When Was The 'Sextant' Invented?


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Mehreen Misbah Profile
Mehreen Misbah answered
In the year 1731, the Sextant was invented by John Hadley. Generally speaking, the sextant is used at sea to determine the distance of a ship from the Equator or in other words to calculate the ship's latitude.

Sextant was the instrument, whose invention paved the path for modern navigation to gain momentum with the help of the sun and the stars.

The instrument got its name from the fact that it is equippeded with an arc that is usually one-sixth of a circle or more precisely 60 degrees (a circle has 360 degrees in total). It measures the angle of the sun's or a star's height above the horizon. As this angle varies with distance from the Equator, it helps the navigator to provide him the accurate point of his position, or the latitude that he is on. The rest is accomplished by determining the time, the date and the longitude, which could easily be found by comparing the local time with the time at Greenwich.
Anonymous Profile
Anonymous answered
Made in 1731 by John Hadley. A Sextant is a tool used to measure the angle between any two observable objects. The primary use of a Sextant is to measure the angle between a celestial object and the horizon, doing so gives us the latitude. Making this measurement is recognized as shooting an object or taking a sight. The Sextant can be used to measure the lunar distance and any other celestial object which would give us the Greenwich Time.  Isaac Newton invented the Octant which is related to the Sextant but never published it.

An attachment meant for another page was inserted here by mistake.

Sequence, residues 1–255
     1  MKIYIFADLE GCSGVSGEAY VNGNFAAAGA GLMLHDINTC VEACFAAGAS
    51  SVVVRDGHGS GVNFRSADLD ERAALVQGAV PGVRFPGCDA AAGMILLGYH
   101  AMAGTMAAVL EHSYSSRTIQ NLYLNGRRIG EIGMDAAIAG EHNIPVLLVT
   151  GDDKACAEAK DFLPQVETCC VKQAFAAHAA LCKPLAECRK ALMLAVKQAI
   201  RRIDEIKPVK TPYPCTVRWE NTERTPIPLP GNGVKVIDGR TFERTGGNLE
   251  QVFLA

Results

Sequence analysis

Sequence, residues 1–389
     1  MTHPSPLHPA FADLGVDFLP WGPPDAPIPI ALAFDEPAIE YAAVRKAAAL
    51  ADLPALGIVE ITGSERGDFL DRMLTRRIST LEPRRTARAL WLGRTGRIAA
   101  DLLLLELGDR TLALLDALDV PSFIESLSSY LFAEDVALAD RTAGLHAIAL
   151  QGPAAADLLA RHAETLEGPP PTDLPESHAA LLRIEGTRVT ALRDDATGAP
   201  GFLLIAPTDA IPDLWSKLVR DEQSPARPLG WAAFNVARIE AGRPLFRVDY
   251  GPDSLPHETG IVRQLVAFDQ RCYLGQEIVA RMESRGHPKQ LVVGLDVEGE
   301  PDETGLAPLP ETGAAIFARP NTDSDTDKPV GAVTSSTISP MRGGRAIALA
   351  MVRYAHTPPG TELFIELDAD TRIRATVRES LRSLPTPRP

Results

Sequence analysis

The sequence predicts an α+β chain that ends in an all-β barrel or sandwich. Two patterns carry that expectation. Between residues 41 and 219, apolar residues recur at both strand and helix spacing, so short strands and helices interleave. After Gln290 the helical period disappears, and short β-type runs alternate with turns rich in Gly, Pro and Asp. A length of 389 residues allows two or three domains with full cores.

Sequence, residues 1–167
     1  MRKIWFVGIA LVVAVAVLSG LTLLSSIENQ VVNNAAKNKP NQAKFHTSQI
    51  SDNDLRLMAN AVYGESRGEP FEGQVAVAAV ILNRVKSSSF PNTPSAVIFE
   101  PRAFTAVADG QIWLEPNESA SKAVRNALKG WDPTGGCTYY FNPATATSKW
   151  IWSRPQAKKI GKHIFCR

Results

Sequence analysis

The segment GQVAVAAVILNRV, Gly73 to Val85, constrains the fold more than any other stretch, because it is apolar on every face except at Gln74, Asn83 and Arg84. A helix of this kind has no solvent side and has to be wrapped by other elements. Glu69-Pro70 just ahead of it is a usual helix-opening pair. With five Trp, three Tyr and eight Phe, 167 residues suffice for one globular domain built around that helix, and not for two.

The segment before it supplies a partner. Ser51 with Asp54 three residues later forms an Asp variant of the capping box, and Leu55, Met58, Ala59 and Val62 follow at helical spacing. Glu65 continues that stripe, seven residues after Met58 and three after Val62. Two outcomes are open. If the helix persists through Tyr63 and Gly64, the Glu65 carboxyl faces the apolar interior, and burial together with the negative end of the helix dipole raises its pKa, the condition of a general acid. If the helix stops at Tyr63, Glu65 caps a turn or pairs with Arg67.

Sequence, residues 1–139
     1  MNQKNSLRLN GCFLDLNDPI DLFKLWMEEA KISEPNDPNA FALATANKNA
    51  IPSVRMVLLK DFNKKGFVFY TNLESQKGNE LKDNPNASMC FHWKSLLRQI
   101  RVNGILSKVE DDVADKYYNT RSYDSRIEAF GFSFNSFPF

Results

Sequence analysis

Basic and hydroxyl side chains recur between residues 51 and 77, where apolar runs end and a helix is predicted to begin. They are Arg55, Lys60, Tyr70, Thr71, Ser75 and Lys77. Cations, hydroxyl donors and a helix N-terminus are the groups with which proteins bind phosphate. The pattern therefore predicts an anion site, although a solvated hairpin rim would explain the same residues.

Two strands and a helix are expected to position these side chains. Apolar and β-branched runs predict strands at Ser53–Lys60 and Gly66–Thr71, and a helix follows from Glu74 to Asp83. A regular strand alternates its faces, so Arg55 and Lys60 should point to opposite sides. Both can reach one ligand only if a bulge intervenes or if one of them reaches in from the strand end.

Anonymous Profile
Anonymous answered
1731 by John Hadley.
James Blanchard-O'Brien Profile
If Hadley and Godfrey both invented the octant (the predecessor to the sextant) in 1730, though Newton actually had it in 1699, though his publisher Halley, did not get it published until 1742. It is doubtful that the sextant was developed in under a year, because Caleb Smith,had created an octant in 1734.He called it an Astroscope or Sea-Quadrant.His used a fixed prism in addition to an index mirror to provide reflective elements. So, if the octant was still being developed upon, the sextant had to have come much later, sometime between 1767 and 1780,
'In 1767 the first edition of the Nautical Almanac, tabulated lunar distances, enabling navigators to find the current time from the angle between the sun and the moon. This angle is sometimes larger than 90°, and thus not possible to measure with an octant. For that reason, Admiral John Campbell, who conducted shipboard experiments with the lunar distance method, suggested a larger instrument and the sextant was developed'. (taken from wiki Demise of the octant.)

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